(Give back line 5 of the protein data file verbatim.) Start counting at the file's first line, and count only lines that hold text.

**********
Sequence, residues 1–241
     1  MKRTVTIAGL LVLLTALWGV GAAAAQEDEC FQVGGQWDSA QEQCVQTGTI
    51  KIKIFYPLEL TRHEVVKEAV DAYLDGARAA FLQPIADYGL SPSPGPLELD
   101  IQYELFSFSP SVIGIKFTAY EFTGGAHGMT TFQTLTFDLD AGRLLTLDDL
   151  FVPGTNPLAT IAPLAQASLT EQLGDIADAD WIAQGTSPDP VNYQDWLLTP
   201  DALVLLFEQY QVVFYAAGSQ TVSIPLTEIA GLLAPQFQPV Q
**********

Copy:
   151  FVPGTNPLAT IAPLAQASLT EQLGDIADAD WIAQGTSPDP VNYQDWLLTP